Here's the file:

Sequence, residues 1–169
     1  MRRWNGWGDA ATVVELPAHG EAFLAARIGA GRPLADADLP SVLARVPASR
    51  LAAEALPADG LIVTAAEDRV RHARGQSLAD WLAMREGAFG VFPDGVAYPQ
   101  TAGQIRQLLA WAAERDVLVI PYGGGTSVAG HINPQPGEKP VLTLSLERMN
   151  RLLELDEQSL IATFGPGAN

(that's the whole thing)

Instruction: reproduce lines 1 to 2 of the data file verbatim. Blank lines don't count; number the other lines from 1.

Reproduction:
Sequence, residues 1–169
     1  MRRWNGWGDA ATVVELPAHG EAFLAARIGA GRPLADADLP SVLARVPASR